The structure of government entitlement programs puts individuals with disabilities and their families in a difficult situation. The programs discourage these individuals from earning and saving money since doing so may jeopardize their eligibility for critical public benefits. Here are a few avenues to consider to mitigate that risk.
I. The ABLE Act
In December 2014, Congress passed the Achieving a Better Life Experience Act (ABLE Act). The law is aimed at encouraging people with disabilities to save money for long-term expenses, and it is scheduled to go into effect in 2015. The goal of ABLE is to provide a way for people with disabilities to save money without losing access to much-needed benefits.
Prior to the passage of the Act, a child diagnosed with a disability would forfeit eligibility for government programs like Medicaid and Social Security if she or he had assets worth more than $2,000 or earned more than $680 per month. The ABLE Act changes that, allowing persons with disabilities to work and save up to $100,000 of their earnings in an “ABLE account” without their eligibility for entitlement programs being affected. An ABLE account is a tax-free savings account. Funds in an ABLE account can be used for education, housing, transportation, employment support, health and wellness expenses, assistive technologies, and other miscellaneous expenses. Notably, the Act contains a “Medicaid Payback Provision.” This means if the beneficiary dies or is no longer disabled, the funds that remain in the ABLE account are used to “payback” any state Medicaid expenses incurred.
Eligibility for an ABLE account requires a serious disability that began affecting the individual prior to them turning 26. If you meet this criterion and are already receiving benefits under Supplemental Security Income (SSI) or Social Security Disability Insurance (SSDI), you are automatically eligible to establish an ABLE account. If you are not a recipient of SSI or SSDI, you are still eligible to open an ABLE account if:
- You have a serious disability with an age of onset prior to age 26, and
- You meet SSI criteria regarding “functional limitations.”
- To demonstrate that you meet the “functional limitations” criteria, a disability certification must be filed on your behalf. Here, a parent or guardian generally certifies that (1) the individual has a medically determinable physical or mental impairment, (2) the impairment results in marked and severe functional limitations, and (3) the impairment can be expected to result in death, or has lasted or can be expected to last for a continuous period of at least 12 months.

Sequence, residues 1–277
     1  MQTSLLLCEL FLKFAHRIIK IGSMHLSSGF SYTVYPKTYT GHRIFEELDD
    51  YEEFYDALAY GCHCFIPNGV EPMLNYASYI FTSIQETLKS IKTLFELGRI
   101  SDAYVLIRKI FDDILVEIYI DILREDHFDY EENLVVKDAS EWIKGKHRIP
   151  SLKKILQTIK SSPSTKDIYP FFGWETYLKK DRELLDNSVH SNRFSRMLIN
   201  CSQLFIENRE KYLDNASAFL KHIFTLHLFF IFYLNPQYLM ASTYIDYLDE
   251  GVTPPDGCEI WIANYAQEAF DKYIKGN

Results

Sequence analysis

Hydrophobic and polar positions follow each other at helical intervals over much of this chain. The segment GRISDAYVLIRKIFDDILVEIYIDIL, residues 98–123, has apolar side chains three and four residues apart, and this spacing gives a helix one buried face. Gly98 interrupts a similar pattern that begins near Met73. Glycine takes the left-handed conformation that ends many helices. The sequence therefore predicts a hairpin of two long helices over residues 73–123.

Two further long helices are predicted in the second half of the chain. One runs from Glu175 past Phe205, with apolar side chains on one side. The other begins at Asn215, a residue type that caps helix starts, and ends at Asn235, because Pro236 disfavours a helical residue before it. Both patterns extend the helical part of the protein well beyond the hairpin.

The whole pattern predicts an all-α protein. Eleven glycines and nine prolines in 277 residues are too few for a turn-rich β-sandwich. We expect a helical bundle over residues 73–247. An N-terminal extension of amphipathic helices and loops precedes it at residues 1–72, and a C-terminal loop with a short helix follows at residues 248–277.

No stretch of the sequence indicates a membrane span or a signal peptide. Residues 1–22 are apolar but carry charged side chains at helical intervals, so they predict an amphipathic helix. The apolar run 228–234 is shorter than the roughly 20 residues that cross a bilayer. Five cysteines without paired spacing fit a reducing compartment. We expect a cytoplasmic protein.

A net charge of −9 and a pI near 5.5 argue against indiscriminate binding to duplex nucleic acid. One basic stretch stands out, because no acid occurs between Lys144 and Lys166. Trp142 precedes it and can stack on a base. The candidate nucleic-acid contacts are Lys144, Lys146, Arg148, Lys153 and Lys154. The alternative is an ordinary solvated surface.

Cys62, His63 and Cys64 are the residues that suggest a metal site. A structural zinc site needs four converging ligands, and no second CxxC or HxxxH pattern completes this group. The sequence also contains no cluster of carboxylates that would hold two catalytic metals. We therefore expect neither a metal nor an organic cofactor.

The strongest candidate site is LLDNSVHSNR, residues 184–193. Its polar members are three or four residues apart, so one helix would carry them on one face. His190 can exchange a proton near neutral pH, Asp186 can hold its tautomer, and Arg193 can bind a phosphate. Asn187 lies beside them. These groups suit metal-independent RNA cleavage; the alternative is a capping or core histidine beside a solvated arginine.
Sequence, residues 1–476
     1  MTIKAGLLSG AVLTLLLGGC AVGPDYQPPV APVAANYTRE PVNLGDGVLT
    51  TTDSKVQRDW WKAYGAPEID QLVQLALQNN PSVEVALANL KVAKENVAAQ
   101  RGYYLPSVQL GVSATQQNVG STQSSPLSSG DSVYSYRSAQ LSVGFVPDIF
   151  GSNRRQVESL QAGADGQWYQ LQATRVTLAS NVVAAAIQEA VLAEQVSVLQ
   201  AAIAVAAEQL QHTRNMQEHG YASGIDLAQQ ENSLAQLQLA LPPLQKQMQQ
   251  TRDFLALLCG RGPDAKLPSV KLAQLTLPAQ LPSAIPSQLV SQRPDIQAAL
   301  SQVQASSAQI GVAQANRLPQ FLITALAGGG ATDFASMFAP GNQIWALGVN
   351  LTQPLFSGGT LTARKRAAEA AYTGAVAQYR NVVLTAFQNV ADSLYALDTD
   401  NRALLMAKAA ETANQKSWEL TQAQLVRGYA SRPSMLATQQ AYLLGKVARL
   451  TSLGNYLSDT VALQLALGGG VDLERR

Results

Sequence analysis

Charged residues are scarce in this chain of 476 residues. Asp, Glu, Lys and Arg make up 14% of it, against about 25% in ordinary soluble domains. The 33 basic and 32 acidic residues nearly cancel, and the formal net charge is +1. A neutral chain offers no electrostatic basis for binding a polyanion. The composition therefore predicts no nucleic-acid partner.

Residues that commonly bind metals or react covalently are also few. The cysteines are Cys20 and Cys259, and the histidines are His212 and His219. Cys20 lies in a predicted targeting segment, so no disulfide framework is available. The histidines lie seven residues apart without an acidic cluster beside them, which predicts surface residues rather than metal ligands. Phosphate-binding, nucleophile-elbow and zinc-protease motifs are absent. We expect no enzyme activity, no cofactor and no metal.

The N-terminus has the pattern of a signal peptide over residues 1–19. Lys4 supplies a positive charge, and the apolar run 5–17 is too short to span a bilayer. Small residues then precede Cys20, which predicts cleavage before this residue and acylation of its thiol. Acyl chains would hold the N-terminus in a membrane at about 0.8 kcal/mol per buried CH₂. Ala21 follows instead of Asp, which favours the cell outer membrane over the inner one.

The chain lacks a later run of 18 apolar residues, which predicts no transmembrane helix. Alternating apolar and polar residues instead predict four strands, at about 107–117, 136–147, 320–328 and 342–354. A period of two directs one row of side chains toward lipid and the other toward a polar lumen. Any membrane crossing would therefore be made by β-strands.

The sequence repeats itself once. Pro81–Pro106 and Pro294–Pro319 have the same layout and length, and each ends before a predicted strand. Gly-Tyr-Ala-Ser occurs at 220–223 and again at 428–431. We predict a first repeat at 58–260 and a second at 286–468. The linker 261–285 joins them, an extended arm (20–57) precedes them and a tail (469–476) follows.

Given this law was passed very recently, there are still steps that need to be taken before families can start saving. Every state is currently deciding how to implement the ABLE Act and make the savings accounts available to its residents. By the end of 2015, states should be accepting applications to establish ABLE accounts.
II. Special Needs Trusts
Special needs trusts, also known as supplemental needs trusts, are trusts designed for beneficiaries who are disabled, either physically or mentally. The trust is written for the sole benefit of a disabled beneficiary and is administered by a trustee. This allows the beneficiary to enjoy the use of property that is held in the trust for his or her benefit, while at the same time allowing the beneficiary to receive essential needs-based government benefits. These trusts generally require legal and financial guidance to set up and maintain.
Special needs trusts differ from ABLE accounts in a few key ways. They generally require more resources to set up and maintain. For example, an attorney is generally involved in establishing the trust, and a trustee is appointed to administer it. In addition, the trusts are taxed at the highest individual tax rate. On the other hand, there are no contribution limits to special needs trusts, and the allowed expenditures are not as limited as those in the ABLE Act. You can contact a “trusts and estates” or “special education” attorney for guidance on setting up a special needs trust.
III. Pooled Trusts
Pooled Trusts are another resource available to people who want to earn and save money without forfeiting eligibility for government programs. A group of individuals come together to establish a pooled trust. Each individual has a separate account within the trust, but for the purposes of investment and management of funds, the accounts are pooled. Pooled trusts are organized and maintained by nonprofit organizations. They are generally less expensive to set up than special needs trusts, and the organizations that maintain them are a good resource given their experience in the area. There are no contribution limits to pooled trusts, and the allowed expenditures are not as limited as those in the ABLE Act. Upon the death of the disabled beneficiary, if there are funds remaining in the beneficiary’s subaccount, they can remain in the trust for the benefit of the other trust members.
For more information on participating in a pooled trust in Pennsylvania, visit http://arctrust.org/.